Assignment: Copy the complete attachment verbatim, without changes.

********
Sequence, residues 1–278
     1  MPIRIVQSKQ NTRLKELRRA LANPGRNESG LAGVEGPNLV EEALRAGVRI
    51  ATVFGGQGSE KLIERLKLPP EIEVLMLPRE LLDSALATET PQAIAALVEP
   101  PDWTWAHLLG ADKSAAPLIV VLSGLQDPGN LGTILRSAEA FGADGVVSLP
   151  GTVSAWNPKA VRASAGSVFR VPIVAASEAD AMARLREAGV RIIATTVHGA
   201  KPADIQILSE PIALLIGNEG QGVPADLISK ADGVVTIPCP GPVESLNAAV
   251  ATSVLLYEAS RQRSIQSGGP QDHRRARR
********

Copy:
Sequence, residues 1–278
     1  MPIRIVQSKQ NTRLKELRRA LANPGRNESG LAGVEGPNLV EEALRAGVRI
    51  ATVFGGQGSE KLIERLKLPP EIEVLMLPRE LLDSALATET PQAIAALVEP
   101  PDWTWAHLLG ADKSAAPLIV VLSGLQDPGN LGTILRSAEA FGADGVVSLP
   151  GTVSAWNPKA VRASAGSVFR VPIVAASEAD AMARLREAGV RIIATTVHGA
   201  KPADIQILSE PIALLIGNEG QGVPADLISK ADGVVTIPCP GPVESLNAAV
   251  ATSVLLYEAS RQRSIQSGGP QDHRRARR